The purchase of food is an important item of expense in operating a boys’ camp, large or small. If the camp is a large one, one hundred or more boys, and you have a good-sized refrigerator and storehouse, always purchase in bulk form from a wholesale firm. Canned goods, such as peas, tomatoes, corn, and apples, buy in gallon cans in case lots and save cost of extra tin and labels. Cocoa may be purchased in five-pound cans. Condensed milk (unsweetened) in 20-ounce cans. Flour and sugar by the barrel. Beans by the bushel. Butter by the firkin. For instance, a good heavy 200-pound hind quarter of beef will furnish a roast beef dinner, a steak breakfast, a meat stew supper, a meat hash breakfast, and a good thick soup full of nourishment from the bones. The suet may be rendered into lard. There will be no waste, and you get the very best of meat. Buy lamb whole and fowl cleaned, and eggs by the crate. Keep an accurate inventory, also the cost of foods. It will be found interesting to make a resume of food at the end of each season, listing quantities, costs, and amounts used each day and ascertain the actual cost per day for each boy.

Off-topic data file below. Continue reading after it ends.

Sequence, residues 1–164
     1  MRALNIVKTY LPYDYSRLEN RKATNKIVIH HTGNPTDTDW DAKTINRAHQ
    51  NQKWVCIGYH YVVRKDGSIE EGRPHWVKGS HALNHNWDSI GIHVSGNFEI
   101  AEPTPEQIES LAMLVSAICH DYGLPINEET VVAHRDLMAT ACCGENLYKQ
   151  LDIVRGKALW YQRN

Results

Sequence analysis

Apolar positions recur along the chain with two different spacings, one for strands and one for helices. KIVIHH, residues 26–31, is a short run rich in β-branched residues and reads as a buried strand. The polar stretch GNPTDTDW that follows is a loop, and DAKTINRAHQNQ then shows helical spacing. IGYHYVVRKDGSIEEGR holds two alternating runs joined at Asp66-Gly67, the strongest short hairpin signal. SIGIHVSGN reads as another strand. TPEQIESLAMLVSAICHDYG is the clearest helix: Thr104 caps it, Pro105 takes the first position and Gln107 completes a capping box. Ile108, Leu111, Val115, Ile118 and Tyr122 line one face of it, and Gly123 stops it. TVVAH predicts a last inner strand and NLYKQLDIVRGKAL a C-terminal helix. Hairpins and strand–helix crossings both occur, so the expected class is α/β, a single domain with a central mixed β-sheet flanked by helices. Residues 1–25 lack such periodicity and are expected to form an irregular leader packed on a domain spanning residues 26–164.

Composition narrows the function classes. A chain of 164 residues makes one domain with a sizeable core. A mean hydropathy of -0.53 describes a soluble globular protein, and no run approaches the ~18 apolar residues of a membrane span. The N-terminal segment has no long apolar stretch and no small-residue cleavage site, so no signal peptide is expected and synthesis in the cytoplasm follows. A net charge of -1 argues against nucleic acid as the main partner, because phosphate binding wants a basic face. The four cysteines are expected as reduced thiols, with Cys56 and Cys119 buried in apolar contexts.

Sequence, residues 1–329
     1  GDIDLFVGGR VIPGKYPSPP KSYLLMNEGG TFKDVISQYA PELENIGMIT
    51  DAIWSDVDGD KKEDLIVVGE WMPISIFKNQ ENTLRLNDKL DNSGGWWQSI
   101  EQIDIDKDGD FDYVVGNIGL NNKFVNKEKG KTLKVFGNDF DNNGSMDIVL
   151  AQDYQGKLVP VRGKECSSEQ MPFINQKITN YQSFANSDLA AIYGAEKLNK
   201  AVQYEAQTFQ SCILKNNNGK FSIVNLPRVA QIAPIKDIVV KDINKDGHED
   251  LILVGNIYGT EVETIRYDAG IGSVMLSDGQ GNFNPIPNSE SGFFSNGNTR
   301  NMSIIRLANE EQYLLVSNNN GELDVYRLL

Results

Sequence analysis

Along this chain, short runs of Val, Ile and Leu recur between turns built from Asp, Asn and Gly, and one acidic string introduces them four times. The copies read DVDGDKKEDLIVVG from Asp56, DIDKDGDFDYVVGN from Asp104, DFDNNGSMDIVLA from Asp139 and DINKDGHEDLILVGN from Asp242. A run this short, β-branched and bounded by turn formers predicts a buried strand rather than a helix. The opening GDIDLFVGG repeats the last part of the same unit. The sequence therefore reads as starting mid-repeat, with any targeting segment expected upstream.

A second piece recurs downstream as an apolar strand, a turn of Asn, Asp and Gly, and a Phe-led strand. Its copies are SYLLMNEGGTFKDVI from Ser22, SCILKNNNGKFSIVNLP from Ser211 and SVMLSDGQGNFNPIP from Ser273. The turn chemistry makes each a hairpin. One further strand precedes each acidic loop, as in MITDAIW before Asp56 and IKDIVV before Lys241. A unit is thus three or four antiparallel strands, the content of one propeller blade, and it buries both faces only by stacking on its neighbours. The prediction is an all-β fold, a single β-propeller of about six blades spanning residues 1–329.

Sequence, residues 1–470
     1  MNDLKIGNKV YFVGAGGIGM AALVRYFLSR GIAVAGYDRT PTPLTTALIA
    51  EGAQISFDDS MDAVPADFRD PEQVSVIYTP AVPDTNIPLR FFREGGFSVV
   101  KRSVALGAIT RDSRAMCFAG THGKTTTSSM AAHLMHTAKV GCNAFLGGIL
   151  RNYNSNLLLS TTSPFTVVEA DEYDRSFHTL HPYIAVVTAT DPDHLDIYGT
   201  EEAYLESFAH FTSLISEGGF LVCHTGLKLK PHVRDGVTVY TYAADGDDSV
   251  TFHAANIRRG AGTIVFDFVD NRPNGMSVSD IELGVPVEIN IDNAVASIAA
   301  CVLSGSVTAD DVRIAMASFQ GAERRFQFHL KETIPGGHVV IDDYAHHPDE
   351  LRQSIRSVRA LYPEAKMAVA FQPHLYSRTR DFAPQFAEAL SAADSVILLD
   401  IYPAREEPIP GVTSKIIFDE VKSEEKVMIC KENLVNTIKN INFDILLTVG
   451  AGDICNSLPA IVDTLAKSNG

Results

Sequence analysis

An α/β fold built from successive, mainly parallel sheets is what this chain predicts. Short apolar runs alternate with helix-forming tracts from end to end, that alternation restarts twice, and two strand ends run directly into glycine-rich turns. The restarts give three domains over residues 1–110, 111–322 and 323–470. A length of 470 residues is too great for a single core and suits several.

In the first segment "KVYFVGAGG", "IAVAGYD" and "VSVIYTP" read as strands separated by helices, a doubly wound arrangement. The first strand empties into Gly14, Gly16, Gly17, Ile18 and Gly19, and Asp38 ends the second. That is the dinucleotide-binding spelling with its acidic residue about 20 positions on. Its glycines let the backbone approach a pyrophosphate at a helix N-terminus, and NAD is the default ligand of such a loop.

[Transcriber’s Footnote 1: About 1/4 of a barrel or 9 gallons (34 liters).]
The following “Grocery List” is for a large camp, but it will serve also to form the basis of providing for small camps:
Beans, red kidney
Oatmeal (in bulk)
Toasted Corn Flakes
Cream of Wheat
Cream of Tartar
Kitchen Boquet (for gravy)
Mustard (prepared in mugs);
Chloride of Lime.
Corn; Sliced peaches; Tomatoes; Shredded pineapple;
Peas; Strawberries; Lima beans; Clams (for chowder);
Beets; Condensed milk (unsweetened); Apples; Salmon;
A reliable person should be in charge of the food supplies. In some camps he is called the Steward. He will see that the supply is sufficient, arrange the menus in consultation with the Chef, keep his storeroom neat and scrupulously clean. As a matter of record and for the purpose of ascertaining cost of feeding the boys, a number of camps keep a daily record like the illustrated form.